During the 1920’s and 1930’s sable was one of the most common of game species in the Lowveld, followed by roan and tsessebe.

The Lowveld was uninhabited as the Zulu’s had murdered most of the other tribes and many of the Europeans died of malaria.  Settlements were at Haenertsburg, Woodbush and Elim.

After Dr Annecke discovered quinine the Lowveld was soon settled by mostly cattle farmers.  After the war the government allocated the Harmony block to returning soldiers.  Sable were randomly shot and utilized for biltong and meat.

The Lowveld consisted of less than 400 trees per ha and vast volumes of grassland which would burn down every two to five years creating a savannah effect.

After the drought of the 1960’s which lasted for five years veldfires became nearly non-existent allowing the tree population to increase to its present 4000 trees per ha reducing grass growth as well as if a fire occurred it would not have enough volume and temperature to burn off the small trees.

This habitat changed and cattle population created over grazing which led to the decrease of ordinary grass eaters.  The roan vanished first, then the tsessebe, where after that the sable came under great pressure.  Only then the government classified sable as royal game.

In the mid 70’s the estimate was 2000 sable in the Gravelotte area.  A sable study group was created in 1986 to solve and manage the diminishing number of sables.

With no know-how and no plan nothing happened for eight years.  The numbers then calculated by the study group was down to only 417 sables in the Lowveld in 1995.

One of the single biggest problems with sables was inbreeding and as farms were being fenced in it only make the problem worse.  The concept of smaller camps with additional feed and unrelated bulls changed everything.

Benchmark Game Breeders determination in breeding and retaining only top quality genetics remains unaltered after almost three decades.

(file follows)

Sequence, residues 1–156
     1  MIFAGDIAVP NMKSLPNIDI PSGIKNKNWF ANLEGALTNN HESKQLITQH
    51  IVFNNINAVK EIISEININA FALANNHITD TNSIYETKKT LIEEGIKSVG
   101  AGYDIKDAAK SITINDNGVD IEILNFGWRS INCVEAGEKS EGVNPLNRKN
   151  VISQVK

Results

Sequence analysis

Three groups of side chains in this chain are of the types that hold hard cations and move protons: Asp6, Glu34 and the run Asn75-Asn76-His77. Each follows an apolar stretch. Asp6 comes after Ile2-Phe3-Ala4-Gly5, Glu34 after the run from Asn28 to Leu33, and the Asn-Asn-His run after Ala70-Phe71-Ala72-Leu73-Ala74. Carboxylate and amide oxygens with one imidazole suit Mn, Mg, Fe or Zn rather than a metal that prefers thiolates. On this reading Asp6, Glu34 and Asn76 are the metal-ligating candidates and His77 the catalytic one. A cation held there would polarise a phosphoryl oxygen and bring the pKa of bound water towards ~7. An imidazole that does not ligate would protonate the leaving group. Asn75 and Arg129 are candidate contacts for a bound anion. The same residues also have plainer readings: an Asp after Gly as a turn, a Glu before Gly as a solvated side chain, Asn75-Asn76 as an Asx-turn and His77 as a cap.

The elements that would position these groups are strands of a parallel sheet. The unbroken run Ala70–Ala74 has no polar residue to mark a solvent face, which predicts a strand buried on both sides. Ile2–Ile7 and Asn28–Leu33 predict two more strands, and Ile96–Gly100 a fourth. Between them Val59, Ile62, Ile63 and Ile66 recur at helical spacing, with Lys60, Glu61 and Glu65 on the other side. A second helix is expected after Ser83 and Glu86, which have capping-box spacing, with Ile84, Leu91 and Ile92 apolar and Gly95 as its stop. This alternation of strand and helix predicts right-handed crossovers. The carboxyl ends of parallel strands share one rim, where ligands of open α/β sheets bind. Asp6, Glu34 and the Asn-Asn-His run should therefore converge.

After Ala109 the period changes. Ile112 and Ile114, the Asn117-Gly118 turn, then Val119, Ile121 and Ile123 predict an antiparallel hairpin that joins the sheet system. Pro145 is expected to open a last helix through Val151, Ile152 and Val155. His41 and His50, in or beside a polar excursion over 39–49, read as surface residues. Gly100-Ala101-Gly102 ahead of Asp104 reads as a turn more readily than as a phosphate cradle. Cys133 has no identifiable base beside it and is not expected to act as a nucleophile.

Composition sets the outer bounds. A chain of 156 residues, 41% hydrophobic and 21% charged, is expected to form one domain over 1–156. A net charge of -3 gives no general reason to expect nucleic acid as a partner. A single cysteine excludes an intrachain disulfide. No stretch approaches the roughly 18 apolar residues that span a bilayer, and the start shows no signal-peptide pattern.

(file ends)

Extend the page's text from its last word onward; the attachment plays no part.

Only animals with outstanding potential or proven historical performance are offered for sale during our annual auction. In this respect, a selection panel consisting of 4 top breeders critically select each and every animal offered for sale and should any animal not meet their high standard, that animal may not be at auction.

The quality of the animals produced by members of Benchmark Game Breeders cannot be disputed as the following records are all being held by our members.

     1.     Western Zambian R10.0 million

     2.     Zambian bull - R12.25 million

     3.     West-Zambian cow and calf - R3.15 million

     4.     West-Zambian cow - R1.85 million

     5.     West- Zambian heifer - R2.1 million

     6.     West- Zambian bull - R4.7 million

     7.     Zambian cow - R2 million

     8.     Zambian – Cross bull - R3.5 million

     9.     Zambian- Cross cow and calf - R2.3 million

     10.     Zambian-Cross cow R850,000

     11.     Zambian –Cross heifer - R1.15 million

     12.     Matetsi Cow and calf - R675,000

Discerning and knowledgeable buyers looking to upgrade the genetic potential of their existing herds can absolutely not afford to miss this auction. Equally so the new entrant who want to start with the best genetics available!!